Oberlin’s appeal was divided into three separate points of contention: that the Gibson team had failed to prove that the College met the standards for libel; that there were irregularities with the trial including the alleged erroneous omission of certain testimony; and that the damages awarded were exorbitant in relation to proof of harm provided by the Plaintiffs. 

The Gibsons’ appeal argued that their constitutional rights were violated when Judge Miraldi implemented a cap on punitive damages. The appeal placed the amount awarded in contrast to the College’s endowment, and made the claim that a cap on punitive damages would not sufficiently deter future behavior. The Gibsons also alleged the judge improperly denied them an expert witness, and incorrectly ruled on summary judgements.

On March 31, 2022, the Court of Appeals of Ohio Ninth Appellate District rejected both Oberlin’s and the Gibsons’ appeals. Judge Donna J. Carr wrote an opinion for the appellate court upholding the trial court. Carr’s opinion explained that the flier distributed during the protests proved to be “an actionable state of fact,” not a constitutionally protected opinion, and was therefore subject to libel laws. Carr’s opinion also referenced the significant media attention around this case, and emphasized that the court would not be examining the broader question of how this ruling might affect First Amendment rights.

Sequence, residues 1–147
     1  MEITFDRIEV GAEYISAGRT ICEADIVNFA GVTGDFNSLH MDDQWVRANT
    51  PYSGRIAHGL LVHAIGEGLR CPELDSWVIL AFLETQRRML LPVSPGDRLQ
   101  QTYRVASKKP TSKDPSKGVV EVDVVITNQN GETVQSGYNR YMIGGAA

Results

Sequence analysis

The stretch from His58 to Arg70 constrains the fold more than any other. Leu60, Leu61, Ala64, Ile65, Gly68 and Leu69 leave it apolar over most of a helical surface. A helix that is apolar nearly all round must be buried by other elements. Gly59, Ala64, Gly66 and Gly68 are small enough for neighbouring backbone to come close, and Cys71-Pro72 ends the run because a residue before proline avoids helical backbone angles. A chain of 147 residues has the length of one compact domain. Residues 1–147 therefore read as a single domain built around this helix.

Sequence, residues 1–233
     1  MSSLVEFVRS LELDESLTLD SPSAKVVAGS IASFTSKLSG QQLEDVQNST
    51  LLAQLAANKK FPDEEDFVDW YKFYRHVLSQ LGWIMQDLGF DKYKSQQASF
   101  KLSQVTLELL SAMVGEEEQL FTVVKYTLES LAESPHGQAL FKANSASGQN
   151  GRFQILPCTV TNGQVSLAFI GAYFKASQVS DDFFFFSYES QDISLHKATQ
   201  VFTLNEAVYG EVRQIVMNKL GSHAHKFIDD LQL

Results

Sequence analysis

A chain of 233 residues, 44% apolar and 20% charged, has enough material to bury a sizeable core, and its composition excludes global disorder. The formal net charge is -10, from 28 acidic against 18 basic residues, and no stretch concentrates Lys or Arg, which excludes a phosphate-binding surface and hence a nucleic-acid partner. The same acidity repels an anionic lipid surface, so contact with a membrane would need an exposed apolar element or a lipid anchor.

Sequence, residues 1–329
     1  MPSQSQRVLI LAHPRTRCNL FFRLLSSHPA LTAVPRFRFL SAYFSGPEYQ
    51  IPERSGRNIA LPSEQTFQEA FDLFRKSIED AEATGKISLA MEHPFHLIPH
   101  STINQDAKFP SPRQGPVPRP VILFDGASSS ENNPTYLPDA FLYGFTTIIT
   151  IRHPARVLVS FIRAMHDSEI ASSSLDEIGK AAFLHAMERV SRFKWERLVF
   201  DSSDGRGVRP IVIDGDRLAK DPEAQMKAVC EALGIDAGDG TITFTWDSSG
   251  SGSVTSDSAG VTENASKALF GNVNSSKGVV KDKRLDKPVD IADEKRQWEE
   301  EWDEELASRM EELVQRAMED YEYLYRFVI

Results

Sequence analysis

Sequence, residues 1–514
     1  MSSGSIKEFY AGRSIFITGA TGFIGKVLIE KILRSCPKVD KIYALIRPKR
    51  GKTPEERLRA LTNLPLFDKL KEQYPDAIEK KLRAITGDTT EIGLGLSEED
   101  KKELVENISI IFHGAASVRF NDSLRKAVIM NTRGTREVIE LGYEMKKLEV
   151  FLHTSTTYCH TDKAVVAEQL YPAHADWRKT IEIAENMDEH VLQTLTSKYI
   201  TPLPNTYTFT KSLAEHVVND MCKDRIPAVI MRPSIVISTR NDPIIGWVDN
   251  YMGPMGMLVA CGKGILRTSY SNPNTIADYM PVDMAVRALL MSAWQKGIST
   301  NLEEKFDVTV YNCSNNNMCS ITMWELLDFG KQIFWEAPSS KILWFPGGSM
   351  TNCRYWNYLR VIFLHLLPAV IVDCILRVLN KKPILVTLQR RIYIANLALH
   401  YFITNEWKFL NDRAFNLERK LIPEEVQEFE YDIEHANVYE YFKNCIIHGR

“The sole focus of this appeal is on the separate conduct of Oberlin and Raimondo that allegedly caused damage to the Gibsons, not on the First Amendment rights of individuals to voice opinions or protest,” Carr wrote.

On May 13 of this year, the College submitted an appeal to the lower court’s decision to the Ohio Supreme Court. On Aug. 30, the Supreme Court denied hearing the appeal. The College announced its decision to pay the Gibsons the full sum of $36.59 million last Thursday. For more detailed coverage of the final stages of this litigation, read “College to Pay $36M, Concluding Gibson’s Litigation,” published in the Review last week.